ADOLESCENCE is not only maddening. Try understanding an adolescent on cyberspace.
My nieces in Australia mailed me their photos. That is, their mother/my sister got them to turn over their school snapshots to store in my wallet. A tone of duress wafts from one note written at the back of a photo.
Rory, 5, writes: “Dear Nanay and I will be your best firend Love love Rory Rory”. Nana, 15, is terse: “Dear Nanay, the photo needs no explanation. I ask that you refrain from showing this picture Love, Joanna”.
Beauty perhaps means differently at certain stages. Still nestling at the cusp of childhood, my younger niece is self-possessed. She smiles at the world, confident that it is beaming back at her.
A young woman loses the dew of openness. Framed by old man’s glasses, Nana’s eyes yet hold a glimpse of the child I first saw in my sister’s arms, later carting armloads of books and a puppy, and last seen up close afloat in the other world of “Twilight”.
I take my lovely girls and mystification to another teenager. My son Carlos, 19, directs me to Nana’s Facebook page. I “like” her profile picture but have to wrestle with my son, who tries to prevent me from leaving a comment.
I succeed. I post: “Hi, Nana!” I want to add more but feel tongue-tied in the company of Aratrika, Parth, Breanna, Sehar, Sherridan and Nana’s other friends who “like” her photo, too, but don’t leave a note.
Now I notice I am the only one who does (where is my sister?).
When Carlos sees my pallid, short-for-me note, he groans with all the what-have-you-done ominousness only a teenager can muster. From his raving, I gather that I might have mortified poor Nana until the next century, irrevocably trespassed some digital divide invisible to oldies but glaring like neon-sprayed disaster to the young.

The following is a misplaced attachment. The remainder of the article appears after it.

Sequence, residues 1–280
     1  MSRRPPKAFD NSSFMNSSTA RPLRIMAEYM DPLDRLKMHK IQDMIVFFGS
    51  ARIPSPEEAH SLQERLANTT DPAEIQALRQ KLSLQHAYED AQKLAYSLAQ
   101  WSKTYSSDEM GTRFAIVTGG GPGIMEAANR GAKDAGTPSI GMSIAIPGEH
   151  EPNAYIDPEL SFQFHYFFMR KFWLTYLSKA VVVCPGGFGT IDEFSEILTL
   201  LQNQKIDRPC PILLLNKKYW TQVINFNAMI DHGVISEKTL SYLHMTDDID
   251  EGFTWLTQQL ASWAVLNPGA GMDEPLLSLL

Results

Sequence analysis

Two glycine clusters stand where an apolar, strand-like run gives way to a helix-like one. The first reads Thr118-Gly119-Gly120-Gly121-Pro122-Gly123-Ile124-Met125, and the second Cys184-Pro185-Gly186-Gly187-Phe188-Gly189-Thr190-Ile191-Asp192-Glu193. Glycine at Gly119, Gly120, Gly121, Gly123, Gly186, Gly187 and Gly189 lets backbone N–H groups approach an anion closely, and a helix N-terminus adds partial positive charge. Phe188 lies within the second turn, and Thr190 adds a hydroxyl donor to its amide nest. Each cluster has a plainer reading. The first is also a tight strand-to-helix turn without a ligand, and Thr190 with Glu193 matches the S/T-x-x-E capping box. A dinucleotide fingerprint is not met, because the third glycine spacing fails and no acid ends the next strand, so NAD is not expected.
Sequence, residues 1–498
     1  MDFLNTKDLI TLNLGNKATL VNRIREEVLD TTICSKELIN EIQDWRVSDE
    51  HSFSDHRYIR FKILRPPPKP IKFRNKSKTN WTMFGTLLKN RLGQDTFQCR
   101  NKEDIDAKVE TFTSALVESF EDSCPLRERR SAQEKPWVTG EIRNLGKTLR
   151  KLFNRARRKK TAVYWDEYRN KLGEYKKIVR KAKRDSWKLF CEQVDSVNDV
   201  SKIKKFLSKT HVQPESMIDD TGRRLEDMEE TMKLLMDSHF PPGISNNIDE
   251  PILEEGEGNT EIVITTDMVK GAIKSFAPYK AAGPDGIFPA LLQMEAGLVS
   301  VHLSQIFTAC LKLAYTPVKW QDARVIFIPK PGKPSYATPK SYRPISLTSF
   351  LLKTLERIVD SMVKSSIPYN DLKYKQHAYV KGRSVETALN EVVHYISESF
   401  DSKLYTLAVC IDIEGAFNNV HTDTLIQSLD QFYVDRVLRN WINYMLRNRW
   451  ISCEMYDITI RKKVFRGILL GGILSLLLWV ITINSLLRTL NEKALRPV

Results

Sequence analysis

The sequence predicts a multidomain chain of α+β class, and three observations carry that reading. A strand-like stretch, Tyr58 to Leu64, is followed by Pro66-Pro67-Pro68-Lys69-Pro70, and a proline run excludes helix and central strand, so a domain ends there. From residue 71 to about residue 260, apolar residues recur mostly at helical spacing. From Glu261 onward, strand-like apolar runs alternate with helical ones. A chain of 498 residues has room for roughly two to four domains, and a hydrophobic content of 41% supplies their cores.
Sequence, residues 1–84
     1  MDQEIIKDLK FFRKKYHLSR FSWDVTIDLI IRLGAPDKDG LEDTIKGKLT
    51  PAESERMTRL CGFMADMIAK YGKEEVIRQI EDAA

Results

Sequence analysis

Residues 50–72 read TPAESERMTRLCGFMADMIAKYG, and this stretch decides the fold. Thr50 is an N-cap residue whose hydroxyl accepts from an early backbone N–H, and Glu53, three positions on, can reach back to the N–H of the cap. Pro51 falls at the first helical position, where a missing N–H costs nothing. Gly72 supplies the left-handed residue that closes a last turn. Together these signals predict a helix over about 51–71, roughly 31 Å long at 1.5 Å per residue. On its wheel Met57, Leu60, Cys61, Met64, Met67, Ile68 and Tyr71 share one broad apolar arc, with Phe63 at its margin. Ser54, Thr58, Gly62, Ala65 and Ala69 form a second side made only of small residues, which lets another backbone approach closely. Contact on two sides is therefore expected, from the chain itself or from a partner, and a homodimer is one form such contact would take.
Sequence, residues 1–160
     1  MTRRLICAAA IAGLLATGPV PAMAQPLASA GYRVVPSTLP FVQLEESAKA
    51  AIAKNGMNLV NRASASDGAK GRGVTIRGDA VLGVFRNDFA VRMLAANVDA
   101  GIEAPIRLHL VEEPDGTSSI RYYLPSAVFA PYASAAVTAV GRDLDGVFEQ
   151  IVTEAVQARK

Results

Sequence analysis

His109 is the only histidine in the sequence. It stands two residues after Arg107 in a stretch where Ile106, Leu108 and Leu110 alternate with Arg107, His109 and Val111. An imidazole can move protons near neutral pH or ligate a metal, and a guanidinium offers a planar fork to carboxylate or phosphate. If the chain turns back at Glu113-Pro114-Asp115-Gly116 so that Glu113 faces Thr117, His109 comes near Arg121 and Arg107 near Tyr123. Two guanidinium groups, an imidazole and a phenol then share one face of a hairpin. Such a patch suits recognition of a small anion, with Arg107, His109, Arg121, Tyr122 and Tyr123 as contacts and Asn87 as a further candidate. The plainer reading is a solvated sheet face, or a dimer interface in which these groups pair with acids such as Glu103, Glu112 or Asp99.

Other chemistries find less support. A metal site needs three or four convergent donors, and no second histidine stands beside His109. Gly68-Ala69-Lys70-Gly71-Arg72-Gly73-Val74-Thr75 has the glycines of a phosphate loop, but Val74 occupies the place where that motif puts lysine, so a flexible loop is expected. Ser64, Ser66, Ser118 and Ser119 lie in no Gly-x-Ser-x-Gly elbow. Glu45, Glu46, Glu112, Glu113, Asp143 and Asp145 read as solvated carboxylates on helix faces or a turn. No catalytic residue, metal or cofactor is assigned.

I bluster. Doesn’t “hi” still mean “hello” on cyberspace? Why would I cyberbully a girl I love as a daughter?
My son only gives me a look. I feel like I’ve suddenly sprouted wild facial hair and spouted even wilder notions of truth and fairness like a certain favorite senator.
For the first time, I step into the shoes of those who see the virtual world as chaos waiting to be unleashed. Where the familiar and pedestrian, like windows and traffic, can become altered and new, and a slip can open a vein to stir up all frenzies.
To create order from this disorder, the temptation is to impose: pass a cybercrime prevention law that dangerously sweeps, along with 16 other cybercrimes like cybersex and child trafficking (as tabulated by Janette Toral of digitalfilipino.com), the constitutionally protected right of freedom of self-expression, as well as right to privacy, with a murkily defined cyberlibel.
Protesting hacktivists, Netizens and 15 Supreme Court (SC) petitions may have won a reprieve when, six days after Republic Act 10175 took effect, the Supreme Court issued a temporary restraining order that puts the law on hold until early next year.
Issues raised by the controversy—the definition and penalties of cyberlibel, as well as the manner by which this clause was “inserted” and the law passed without public hearing—should continue to engage us. How do we protect ourselves from the unscrupulous that will misuse quickly evolving digital technologies to invade privacy, steal identities, exploit gullibility? How do we ensure we don’t abuse the Web?
At the same time, with reason, we suspect that applying traditional means to control a new medium following new logic makes us vulnerable to the evils we swore never to let loose again: repression, dictatorship, chaos, death of society.
To break the impasse, many demand authorities consult stakeholders. Others call for online self-regulation and digital media literacy.
Adolescence and cyberspace are so much alike. Both are constantly shifting. It’s a maddening thing, sure. But the only way out is to go through it.
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*First published in Sun.Star Cebu’s Oct. 14, 2012 issue of the “Matamata” Sunday column